Ramblin' Jack Elliott signed this 1960 Monitor record for me after a show he played at B.B. Kings Blues Club in 2006. He shared the bill with Peter Rowan, both playing separate sets. At one point Jack and Peter attempted to play a song together, but Jack's guitar was tuned to itself and was quite a bit off from standard tuning. Before Peter had a chance to re-tune to match Jack's guitar, Jack launched into a song. Since Peter was already standing there with his guitar in his hand, he had no choice but to try to play along by bending his strings into tune. This didn't work too well. Peter was obviously embarrassed, Jack was oblivious, and I was amused, finding the incident rather fitting for a Ramblin' Jack Elliott show.
After the performance, Jack came out from the back stage area and was immediately cornered by some guy who brought about 30 records for him to "look through" and sign if and when he "felt like signing something." After the guy ushered Jack to a table, Jack picked up the first record in the collection, an early and obscure EP from the 50s, and bitterly commented that he never received any money for it. Reluctantly, he signed a few of the guy's records--very sloppily--working his way through the stack, obviously feeling a little trapped. It was at this point that I introduced myself and asked if he wouldn't mind signing my record, "after all, I only brought one." I hated to butt in like that, but if I hadn't, I'm sure the guy in front of me would have occupied all of Jack's time until he had had enough of the guy's collection and got up and left. Jack did sign my cover--also very sloppily--noting afterward that he added a couple extra "T's" to his name "because you can never have too many." I don't think Jack intentionally added the extra T's, but I wouldn't be surprised if he did.
Here is another country music autograph that I got through the mail. Stonewall Jackson was extremely fast in signing this record and getting it back to me. One of my favorite things about receiving the return package was seeing how he writes his return address -- apparently Stonewall's so well known in Brentwood, TN that "Stonewall 37027" is all he needs to write.
George Jones signed this Musicor cover earlier this year, after I mailed it to his fan club, and it's one of my favorite autographs I've gotten through the mail. I had met George while he was on his book tour about 15 years ago, but he wasn't signing memorabilia back then. Shortly after that book tour, I saw George in concert with Tammy Wynette, but he didn't sign stuff on that occasion either. Finally I decided that the best way to get him to sign a record was to mail him one, which I did, and I got it back within two weeks.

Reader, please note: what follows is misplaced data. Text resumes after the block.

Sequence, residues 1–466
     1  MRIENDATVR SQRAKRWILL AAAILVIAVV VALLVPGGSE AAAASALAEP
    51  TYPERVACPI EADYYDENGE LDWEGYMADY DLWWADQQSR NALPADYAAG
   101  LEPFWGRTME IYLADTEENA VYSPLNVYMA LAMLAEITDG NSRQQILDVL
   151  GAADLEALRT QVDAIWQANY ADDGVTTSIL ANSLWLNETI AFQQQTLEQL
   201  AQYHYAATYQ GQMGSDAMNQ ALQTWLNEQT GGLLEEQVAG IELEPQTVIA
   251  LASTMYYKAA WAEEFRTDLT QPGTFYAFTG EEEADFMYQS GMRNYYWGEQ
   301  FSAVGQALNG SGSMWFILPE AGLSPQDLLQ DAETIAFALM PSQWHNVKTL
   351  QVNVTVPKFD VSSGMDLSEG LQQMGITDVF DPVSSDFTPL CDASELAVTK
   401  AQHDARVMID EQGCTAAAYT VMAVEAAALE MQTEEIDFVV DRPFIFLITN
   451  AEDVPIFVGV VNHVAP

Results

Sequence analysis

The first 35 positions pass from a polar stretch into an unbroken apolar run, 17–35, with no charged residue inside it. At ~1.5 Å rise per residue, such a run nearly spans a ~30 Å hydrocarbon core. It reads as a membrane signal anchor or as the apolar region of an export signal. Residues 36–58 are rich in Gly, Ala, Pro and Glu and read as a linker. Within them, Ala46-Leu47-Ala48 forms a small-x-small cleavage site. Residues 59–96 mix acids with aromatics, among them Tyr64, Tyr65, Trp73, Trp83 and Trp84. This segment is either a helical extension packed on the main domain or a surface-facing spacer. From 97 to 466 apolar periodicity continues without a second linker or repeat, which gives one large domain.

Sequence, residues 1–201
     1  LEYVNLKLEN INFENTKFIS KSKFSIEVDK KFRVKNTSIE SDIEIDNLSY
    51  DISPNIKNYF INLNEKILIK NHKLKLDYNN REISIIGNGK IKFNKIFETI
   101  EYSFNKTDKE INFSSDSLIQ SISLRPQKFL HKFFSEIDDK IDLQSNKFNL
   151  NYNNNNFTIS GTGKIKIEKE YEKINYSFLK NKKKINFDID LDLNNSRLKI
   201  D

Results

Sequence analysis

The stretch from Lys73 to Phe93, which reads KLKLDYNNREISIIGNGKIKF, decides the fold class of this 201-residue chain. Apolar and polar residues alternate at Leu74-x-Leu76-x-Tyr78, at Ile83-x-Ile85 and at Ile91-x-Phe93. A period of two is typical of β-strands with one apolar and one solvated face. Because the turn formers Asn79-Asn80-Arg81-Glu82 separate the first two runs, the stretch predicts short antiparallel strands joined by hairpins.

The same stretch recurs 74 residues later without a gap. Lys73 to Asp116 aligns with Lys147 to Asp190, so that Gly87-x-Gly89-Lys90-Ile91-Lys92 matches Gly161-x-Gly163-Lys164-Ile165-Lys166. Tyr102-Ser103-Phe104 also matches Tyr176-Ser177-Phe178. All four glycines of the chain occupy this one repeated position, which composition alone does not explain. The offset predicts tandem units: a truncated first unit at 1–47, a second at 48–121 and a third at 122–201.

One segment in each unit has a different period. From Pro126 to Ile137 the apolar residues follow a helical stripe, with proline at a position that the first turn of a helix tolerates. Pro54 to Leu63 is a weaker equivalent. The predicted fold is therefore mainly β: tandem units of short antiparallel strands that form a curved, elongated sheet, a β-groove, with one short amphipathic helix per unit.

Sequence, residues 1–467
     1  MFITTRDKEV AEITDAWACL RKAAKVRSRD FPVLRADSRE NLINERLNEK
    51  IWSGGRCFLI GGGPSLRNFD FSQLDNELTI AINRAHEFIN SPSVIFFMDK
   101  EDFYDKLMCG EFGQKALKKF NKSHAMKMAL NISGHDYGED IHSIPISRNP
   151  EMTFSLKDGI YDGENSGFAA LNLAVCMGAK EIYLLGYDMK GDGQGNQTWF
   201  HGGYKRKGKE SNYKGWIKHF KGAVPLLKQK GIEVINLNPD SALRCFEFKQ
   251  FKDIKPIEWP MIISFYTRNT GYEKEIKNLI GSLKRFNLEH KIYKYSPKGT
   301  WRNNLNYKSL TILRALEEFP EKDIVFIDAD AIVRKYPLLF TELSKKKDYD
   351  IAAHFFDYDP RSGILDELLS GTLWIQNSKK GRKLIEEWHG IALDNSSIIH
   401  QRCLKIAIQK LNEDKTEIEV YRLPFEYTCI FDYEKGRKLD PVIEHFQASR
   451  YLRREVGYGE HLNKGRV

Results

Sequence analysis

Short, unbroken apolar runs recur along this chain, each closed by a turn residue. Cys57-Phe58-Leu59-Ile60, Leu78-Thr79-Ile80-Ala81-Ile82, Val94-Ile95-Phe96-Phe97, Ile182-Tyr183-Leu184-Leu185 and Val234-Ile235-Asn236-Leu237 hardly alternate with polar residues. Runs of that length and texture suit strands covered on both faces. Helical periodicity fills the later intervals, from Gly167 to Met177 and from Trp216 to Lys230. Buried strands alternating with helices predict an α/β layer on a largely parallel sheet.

I got these two Porter Wagoner records signed backstage at Joe's Pub in New York City on March 30, 2007. After the show, I wrote up this short review and posted it on a guitar forum:
Tonight I had the incredible opportunity to see Porter Wagoner backed by Marty Stuart at Joe's Pub in New York City. My wife and I got there early and grabbed a seat right in front of the stage. I had a couple records with me I was hoping to get signed, so I asked the guy in charge if Porter would be signing autographs after the show. This guy unbelievably brought me to a small back stage room to meet Porter and Marty. I shook hands with them and they were as friendly as can be. I was particularly taken with how nice, down to earth, and cool Marty Stuart is. He basically treated me like a good friend, even though we had just met.
Porter's show was one of the most touching shows I have seen. He played a great set: Satisfied Mind, Dooley, I'll Go Down Swinging, Green Green Grass of Home, Rubber Room (!), Cold Hard Facts of Life, and more. Porter was really enjoying himself, as was Marty. I gather that Porter didn't know what to expect coming to New York City after all these years. He ended up absolutely loving it.